Most of the scientific literature on screen time and sleep focuses on children and adolescents. However, between work-related and leisurely technology use, adults may obtain just as much – if not more – screen time than their younger counterparts! Many adults (myself included) are worried about the way their screen time may negatively impact their sleep quality. Using the latest research, we’ve gathered tips for adults to minimize deleterious effects of screen time on sleep.
Use blue light-blocking glasses
In 2018, researchers from Columbia University published a study on amber-tinted blue light-blocking lenses. The randomized controlled trial showed that individuals with insomnia that use amber lenses for 2 hours before bedtime experience longer total sleep time and more sound, quality sleep. Amber-tinted blue light-blocking glasses are a safe and affordable option to counteract the effect of screen time on your sleep. Check out The Strategist’s list of the best blue-light blocking glasses in 2020 here.
Leisure without technology
A study including 7,800 adults assessed the relationship between work-related and leisurely technology use on sleep problems. Results suggested that work-related technology use had no impact on sleep problems. However, leisurely computer use contributed to sleep issues. With this in mind, consider other ways to spend your non-work hours such as playing board games, exercising/relaxing outside, or reading physical (not electronic) books or magazines.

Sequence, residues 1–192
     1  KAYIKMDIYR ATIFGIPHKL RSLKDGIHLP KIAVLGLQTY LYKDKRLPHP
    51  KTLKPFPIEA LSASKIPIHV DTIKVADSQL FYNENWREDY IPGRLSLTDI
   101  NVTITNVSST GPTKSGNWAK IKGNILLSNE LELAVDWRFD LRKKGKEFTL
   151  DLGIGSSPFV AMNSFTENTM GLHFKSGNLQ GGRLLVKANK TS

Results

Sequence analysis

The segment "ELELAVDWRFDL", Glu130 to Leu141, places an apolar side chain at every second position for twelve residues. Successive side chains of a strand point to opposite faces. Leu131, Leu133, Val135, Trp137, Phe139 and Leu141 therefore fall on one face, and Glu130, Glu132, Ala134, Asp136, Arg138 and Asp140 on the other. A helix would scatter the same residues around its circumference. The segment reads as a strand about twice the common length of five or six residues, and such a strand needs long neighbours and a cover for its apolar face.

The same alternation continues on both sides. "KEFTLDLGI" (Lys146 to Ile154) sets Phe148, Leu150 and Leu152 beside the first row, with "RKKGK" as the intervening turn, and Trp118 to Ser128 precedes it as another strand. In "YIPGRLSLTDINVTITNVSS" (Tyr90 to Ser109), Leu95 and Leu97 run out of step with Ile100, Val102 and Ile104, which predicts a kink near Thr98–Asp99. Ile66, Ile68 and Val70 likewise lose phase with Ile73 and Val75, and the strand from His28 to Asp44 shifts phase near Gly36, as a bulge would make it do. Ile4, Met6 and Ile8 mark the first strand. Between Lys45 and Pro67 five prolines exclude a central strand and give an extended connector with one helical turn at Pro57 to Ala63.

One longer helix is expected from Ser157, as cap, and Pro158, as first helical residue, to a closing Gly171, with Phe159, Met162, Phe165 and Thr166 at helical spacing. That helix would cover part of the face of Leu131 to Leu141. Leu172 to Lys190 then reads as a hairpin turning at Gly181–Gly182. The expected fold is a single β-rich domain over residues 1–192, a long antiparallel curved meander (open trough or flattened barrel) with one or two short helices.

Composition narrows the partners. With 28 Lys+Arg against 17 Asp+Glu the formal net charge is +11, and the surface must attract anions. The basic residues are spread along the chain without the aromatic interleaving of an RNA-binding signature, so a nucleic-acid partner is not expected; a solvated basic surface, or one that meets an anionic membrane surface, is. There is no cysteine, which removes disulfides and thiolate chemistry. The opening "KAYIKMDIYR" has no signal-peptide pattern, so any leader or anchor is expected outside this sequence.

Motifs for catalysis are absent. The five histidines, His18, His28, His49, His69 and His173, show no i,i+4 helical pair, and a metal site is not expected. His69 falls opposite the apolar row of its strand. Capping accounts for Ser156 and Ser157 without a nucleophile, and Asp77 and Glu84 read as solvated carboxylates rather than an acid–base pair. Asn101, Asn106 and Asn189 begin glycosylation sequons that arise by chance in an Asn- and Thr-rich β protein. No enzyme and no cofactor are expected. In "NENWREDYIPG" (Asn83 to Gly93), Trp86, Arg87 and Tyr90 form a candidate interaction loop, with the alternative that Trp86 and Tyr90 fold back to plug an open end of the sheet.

Take TV out of the bedroom
University of Vermont researchers conducted a study in 2010 on the impact of removing bedroom television sets on screen time for overweight adults. Participants with bedroom TVs averaged 1.8 more hours of total TV time than participants whose television sets were removed from their bedroom. Although this study did not find an association between total TV time and sleep, this may be inaccurate. Rather than using objective measures of sleep (e.g., actigraphy), participants self-reported sleep time and quality.
Macular carotenoid supplements
In 2017, University of Georgia (UGA) researchers published an article on their study of macular carotenoid supplementation. Study participants included 48 adults with high screen time exposure – 6 or more hours per day. Among these adults, participants who took 24 mg of macular carotenoid supplements experienced significant improvements in overall sleep quality. MacuHealth with LMZ is a commercially available macular carotenoid supplement that contains all three macular carotenoids used in the UGA study.